WashPost Raves Over Revival of Old Hard-Left "Winter Soldier" Documentary
When you wonder if the national media's biggest film critics rave over movies based on their own personal politics instead of the product they're watching, you can always think of Washington Post film critic Ann Hornaday. The D.C. premiere (in one art house theater) of a revival of the hard-left documentary "Winter Soldier," chronicling John Kerry and others trying to create (often falsified) accounts of American soldier atrocities in Vietnam, gives Hornaday the chance to rave over it today, calling it "extraordinary," "spellbinding," "impressive," "stunning," and even authentic as it reminds of our atrocious position in Iraq:
Recreational killing of civilians, rape, arson, torture: They did it, or saw it, all. Having been trained to see their enemies as less than human -- they were always called gooks or commies -- and having been taught to dissociate from the violence they were committing lest they be killed themselves, they simply learned not to care...
As its subjects speak of their lack of training in the Geneva Conventions, their confusion over what constituted torture, the lack of accountability of their superiors, the misuse of military propaganda, even the use of white phosphorous (nicknamed Willie Pete), it's clear that, as a scholar once observed, history may not repeat itself, but it rhymes.
Regardless of their views on conflicts past and present, everyone should see "Winter Soldier," if only to understand that when we speak of military sacrifice, that means psychic as well as physical. And on another level entirely, the film presents a gripping portrait of something that we don't often see portrayed with such authenticity on-screen: the act of a man defining himself. Several of the film's subjects, chief among them a Florida native named Scott Camil, are seen grappling not only with their experiences overseas but also with the very definition of manhood, whether as constructed by cultural mores or one's own inner code.
"Winter Soldier" is an important historical document, an eerily prescient antiwar plea and a dazzling example of filmmaking at its most iconographically potent. But at its best, it is the eloquent, unforgettable tale of profound moral reckoning.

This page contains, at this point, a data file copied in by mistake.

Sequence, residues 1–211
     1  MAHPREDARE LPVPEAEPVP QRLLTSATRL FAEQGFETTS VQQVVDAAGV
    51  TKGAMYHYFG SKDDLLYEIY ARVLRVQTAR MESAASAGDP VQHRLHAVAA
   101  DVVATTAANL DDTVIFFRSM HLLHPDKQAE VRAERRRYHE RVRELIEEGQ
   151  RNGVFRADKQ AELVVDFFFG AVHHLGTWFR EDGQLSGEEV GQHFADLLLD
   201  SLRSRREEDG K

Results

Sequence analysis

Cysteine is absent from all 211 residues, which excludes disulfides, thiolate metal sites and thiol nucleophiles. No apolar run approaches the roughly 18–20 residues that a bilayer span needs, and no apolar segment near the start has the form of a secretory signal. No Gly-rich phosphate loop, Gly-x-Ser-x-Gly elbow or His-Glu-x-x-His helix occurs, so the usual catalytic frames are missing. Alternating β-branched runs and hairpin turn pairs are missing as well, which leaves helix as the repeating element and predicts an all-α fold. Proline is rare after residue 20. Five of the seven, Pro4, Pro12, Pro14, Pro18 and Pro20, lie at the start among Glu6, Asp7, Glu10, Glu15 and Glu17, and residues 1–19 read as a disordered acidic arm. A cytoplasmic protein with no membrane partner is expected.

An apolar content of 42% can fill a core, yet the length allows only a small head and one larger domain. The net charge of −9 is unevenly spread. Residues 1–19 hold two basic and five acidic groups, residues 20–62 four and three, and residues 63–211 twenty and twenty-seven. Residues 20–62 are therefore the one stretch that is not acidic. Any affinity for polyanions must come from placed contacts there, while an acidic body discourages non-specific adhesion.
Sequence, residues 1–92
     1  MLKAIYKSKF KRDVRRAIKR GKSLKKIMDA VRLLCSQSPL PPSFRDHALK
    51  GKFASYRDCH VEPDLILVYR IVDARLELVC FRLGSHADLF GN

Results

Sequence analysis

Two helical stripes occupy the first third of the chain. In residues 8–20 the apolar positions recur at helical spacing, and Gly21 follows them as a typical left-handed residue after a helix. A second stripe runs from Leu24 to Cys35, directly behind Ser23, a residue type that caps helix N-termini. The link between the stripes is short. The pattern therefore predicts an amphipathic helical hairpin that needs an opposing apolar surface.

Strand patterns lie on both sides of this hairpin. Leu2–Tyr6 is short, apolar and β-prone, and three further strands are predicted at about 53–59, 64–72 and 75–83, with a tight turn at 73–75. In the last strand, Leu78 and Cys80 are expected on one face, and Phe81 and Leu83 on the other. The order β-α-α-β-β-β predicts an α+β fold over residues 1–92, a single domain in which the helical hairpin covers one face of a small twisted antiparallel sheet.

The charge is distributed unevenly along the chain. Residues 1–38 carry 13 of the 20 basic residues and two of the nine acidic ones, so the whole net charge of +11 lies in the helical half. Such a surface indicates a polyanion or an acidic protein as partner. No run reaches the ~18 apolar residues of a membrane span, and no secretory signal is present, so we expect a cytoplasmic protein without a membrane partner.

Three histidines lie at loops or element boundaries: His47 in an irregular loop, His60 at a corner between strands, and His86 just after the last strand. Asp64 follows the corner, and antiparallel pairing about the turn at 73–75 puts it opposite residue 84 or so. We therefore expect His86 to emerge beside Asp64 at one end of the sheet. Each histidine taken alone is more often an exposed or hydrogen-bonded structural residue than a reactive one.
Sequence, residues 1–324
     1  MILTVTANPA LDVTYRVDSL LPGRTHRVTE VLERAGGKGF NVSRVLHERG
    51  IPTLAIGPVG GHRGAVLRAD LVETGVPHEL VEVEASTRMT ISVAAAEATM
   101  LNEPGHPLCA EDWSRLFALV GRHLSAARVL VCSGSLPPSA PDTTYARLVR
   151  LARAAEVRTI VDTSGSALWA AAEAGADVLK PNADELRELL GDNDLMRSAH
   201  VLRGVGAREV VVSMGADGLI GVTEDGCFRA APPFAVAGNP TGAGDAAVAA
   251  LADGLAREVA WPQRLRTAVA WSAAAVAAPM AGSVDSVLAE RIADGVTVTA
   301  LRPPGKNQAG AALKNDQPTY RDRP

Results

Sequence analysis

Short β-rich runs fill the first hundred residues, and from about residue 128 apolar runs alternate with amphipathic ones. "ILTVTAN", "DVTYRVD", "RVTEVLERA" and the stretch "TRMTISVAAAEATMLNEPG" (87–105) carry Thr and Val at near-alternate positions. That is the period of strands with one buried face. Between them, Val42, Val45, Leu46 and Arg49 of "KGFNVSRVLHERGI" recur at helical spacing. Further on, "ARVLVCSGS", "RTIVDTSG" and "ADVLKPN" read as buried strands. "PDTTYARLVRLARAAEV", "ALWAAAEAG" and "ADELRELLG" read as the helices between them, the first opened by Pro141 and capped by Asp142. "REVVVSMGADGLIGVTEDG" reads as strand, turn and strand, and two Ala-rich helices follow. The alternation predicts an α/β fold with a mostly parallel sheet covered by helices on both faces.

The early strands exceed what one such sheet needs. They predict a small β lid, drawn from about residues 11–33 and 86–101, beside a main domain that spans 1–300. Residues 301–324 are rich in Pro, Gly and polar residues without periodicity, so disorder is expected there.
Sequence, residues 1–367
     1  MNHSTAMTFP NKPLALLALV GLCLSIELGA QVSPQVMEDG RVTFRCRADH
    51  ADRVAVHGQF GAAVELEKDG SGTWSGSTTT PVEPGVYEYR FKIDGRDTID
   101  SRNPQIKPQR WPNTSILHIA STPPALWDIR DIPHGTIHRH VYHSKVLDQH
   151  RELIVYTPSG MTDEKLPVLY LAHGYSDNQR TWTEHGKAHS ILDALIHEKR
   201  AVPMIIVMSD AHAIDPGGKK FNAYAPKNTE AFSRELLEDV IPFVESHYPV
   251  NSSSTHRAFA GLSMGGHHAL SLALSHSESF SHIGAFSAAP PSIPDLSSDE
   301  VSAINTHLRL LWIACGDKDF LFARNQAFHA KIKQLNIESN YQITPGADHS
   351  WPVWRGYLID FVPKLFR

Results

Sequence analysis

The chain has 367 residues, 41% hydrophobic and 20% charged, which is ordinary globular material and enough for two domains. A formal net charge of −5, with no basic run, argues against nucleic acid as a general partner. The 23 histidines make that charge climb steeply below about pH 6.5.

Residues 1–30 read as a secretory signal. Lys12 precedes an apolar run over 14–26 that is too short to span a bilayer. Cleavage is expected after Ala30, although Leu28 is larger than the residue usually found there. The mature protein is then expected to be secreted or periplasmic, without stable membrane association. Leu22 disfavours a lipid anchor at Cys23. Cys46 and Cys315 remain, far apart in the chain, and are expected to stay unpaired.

Brent Bozell has noticed Hornaday has a rather predictable liberal take on authenticity at the movies, as you can see here and here. In a nutshell, "The Passion" was all wrong, and the satirical movie "Saved!" was unmistakeably authentic, since it made cracks about religious-right teenagers planting pipe bombs at Planned Parenthood.
There are many places on the Net for a second opinion on Winter Soldier, such as wintersoldier.com, and CNSNews.com reporter Marc Morano did quite a bit of reporting on this last year. In their Friday tabloid Weekend section (featuring music, restaurant, and movie reviews), the Post also interviewed Jane Fonda and sympathetically titled the little piece "Fonda's 'Winter' of Redemption." (The writer is Christina Talcott.)
"In my book [her memoir, 'My Life So Far'], I call the 'Winter Soldier' chapter 'Redemption,' because I feel that is what the WSI represented for those brave men. They were asking Americans to hear them in their collective truth-telling." Among the soldiers who testified were Scott Camil, Rusty Sachs and future senator John Kerry, all of whom were members of Vietnam Veterans Against the War.
Fonda said "Winter Soldier" shows the psychological impact of the war on service personnel: "Starting with the Vietnam War we began training soldiers differently. In my book I talk about secret meetings I had with military psychologists who were really worried about what was happening to our combat personnel. 'We're turning them into killing machines,' one of them said to me. This began because the military discovered that in World War II and Korea, soldiers weren't killing enough (in their opinion), so they changed training procedures."
However, Fonda insists, "it's critical that we understand that the soldiers are not to blame. How they were trained, how their officers either gave the green light or turned a blind eye to what was happening on the ground is what matters. When you put young people into an atrocity-producing situation where enemy and civilian are commingled, where the 'other side' is dehumanized, we cannot be surprised by what these men report in the film."
Fonda insists, "We have not learned the lessons of Vietnam. The returned veterans tried valiantly to tell us what the lessons were, [but] most of us turned our backs. . . . Today the returning antiwar Iraq vets are being called 'unpatriotic.' We must listen to what they have to say."